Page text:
Roasted Purple Cauliflower and Arugula Salad

by Susan Russo
Print Email

purplecauliflowerA couple of years ago if someone told you that your blueberries were loaded with anthocyanins, you'd probably have dumped the bowl down the garbage disposal and called 911 to report being poisoned.

Anthocyanin sounds scary, kind of like cyanide. Fortunately it's a good word; "anthocyanin" is derived from two Greek words, "anthos " (flower) and "kyanos" (blue). It makes sense, therefore, that anthocyanin pigments are responsible for the blue, purple, and red color of many fruits, vegetables, and flowers.

When it comes to food, anthocyanins are little health workhorses. They're associated with a decreased risk of many illnesses including cancer, high blood pressure, and even Alzheimer's. Fruits and vegetables that are brightly colored are even better for you. That helps explains why pomegranates, blueberries, broccoli, and red grapes are on virtually every Top 10 Healthiest Foods list ever written.

 

purplecauliflower2Purple cauliflower, which is currently in season, owes its stunning color to anthocyanins. This cheeky variety, along with its cousins, orange and green cauliflower, have helped make cauliflower fashionable.

Use purple cauliflower in cooking as you would use white cauliflower. Steam, saute, bake, or roast it; just don't overcook it, or you'll risk mushiness. If you boil it, add a few drops of vinegar to the water to help maintain its vivid color. The texture is the same as white cauliflower although the flavor is slightly sweeter.

One of my favorite ways to enjoy purple cauliflower is in winter salads like this Roasted Purple Cauliflower and Arugula Salad. Roasted purple cauliflower and peppery arugula are dressed in a light and refreshing lemon-mustard-rosemary vinaigrette. The flavors match the vegetables' brilliant color making this a winter salad guaranteed to brighten any cold, gray day.


Roasted Purple Cauliflower and Arugula Salad
Makes 6 servings

1 medium head purple cauliflower, broken into florets
1 tablespoon olive oil
several shakes of salt and black pepper
6-7 ounces fresh arugula

Vinaigrette:
2 tablespoons olive oil
1 1/2 tablespoons sherry vinegar
2 teaspoons grainy/spicy mustard
1 teaspoon lemon zest (about half of 1 lemon)
1 teaspoon lemon juice
2 teaspoons finely chopped fresh rosemary
1/2 teaspoon salt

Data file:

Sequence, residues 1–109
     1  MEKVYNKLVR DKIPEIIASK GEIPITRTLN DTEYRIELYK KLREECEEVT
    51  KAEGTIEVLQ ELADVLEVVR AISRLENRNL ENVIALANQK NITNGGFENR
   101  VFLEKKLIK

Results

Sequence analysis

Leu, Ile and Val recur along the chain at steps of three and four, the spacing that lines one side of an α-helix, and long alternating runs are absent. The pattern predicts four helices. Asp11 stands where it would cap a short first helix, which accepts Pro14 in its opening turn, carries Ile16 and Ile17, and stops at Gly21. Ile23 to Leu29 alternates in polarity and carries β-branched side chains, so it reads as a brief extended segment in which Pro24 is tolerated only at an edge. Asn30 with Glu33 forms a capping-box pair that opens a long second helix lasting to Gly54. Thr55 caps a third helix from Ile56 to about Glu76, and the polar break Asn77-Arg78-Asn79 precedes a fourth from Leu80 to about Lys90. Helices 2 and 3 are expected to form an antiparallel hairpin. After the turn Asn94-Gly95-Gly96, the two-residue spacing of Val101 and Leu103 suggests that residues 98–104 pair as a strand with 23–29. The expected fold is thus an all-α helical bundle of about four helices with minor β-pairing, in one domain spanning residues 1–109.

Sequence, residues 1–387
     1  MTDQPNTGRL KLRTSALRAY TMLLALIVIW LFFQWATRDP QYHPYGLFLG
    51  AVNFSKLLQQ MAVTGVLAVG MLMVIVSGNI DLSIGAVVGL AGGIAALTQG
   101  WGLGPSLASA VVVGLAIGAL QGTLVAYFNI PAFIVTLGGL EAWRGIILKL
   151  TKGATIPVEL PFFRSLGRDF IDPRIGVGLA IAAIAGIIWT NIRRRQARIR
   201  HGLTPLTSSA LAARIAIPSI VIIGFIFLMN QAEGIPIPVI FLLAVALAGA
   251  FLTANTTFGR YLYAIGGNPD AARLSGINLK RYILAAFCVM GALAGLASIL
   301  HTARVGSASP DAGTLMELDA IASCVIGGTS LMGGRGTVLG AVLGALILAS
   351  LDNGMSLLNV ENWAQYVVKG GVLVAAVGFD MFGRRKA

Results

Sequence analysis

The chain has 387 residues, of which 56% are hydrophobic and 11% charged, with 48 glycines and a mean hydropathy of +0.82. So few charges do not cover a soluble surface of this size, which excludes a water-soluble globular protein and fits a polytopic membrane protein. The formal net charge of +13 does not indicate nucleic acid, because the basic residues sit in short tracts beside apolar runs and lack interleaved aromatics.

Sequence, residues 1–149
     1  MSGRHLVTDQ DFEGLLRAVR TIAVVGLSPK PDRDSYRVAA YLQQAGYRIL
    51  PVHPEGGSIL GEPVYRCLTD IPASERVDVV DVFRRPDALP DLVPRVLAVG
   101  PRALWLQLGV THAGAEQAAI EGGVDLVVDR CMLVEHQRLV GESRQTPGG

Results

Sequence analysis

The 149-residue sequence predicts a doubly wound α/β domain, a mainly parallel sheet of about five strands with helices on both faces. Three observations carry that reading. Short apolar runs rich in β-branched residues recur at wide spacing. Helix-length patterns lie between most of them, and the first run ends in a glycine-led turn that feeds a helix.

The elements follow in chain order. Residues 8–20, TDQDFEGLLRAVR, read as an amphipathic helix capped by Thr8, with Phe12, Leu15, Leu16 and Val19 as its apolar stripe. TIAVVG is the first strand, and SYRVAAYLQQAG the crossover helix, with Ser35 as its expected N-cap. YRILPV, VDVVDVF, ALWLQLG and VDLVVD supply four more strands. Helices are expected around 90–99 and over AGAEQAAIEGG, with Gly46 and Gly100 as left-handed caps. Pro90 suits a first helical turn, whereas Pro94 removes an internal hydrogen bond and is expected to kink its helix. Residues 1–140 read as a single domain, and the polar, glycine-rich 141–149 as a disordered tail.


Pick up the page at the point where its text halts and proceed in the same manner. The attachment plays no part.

1/4 teaspoon black pepper


1. Preheat oven to 375 degrees F. Place cauliflower in a large baking dish. Drizzle with 1 tablespoon olive oil and sprinkle with salt and pepper. Toss until coated. Cook for 30 minutes, or until lightly brown and crisp.

2. Whisk all dressing ingredients in a small bowl.

3. Place arugula in a large bowl. Add dressing and toss. Add roasted cauliflower and toss. Serve warm.

 

Add comment


Security code
Refresh

 

restaurant news

Beef Back in Style at Covent Garden's Hawksmoor
London - British Isles
by Nancy Ellison

hawksmoormainSince (finally) it has been discovered that the fat in beef – oleic acid – is the same heart healthy fat that is found in olive oil, and since fat in beef actually decreases heart-disease risk...

Read more...
Bread Lounge
Los Angeles
by Evan Kleiman

breadbarBread.  I love it, especially when it’s well made.  But I freely admit that I try to avoid it.  I’m of a certain age and weight when the dangers of too much free carb styling can take a toll.  But...

Read more...
Breakfast, Portland-Style
Oregon
by Lisa Dinsmore

countrycatsignWhen all of our friend's heard we were heading to Portland, they immediately began giving us advice about where we just HAD to eat. No matter how many times I reiterated the fact that this was a...

Read more...
DaoFu - San Diego
Southern California
by Kitty Kaufman

daofu 11You'll never find this place on your own; you have to know someone. The Thin Man and I are just that lucky. Michele lives close by and does a fast focus so we can shoot and eat while everything's...

Read more...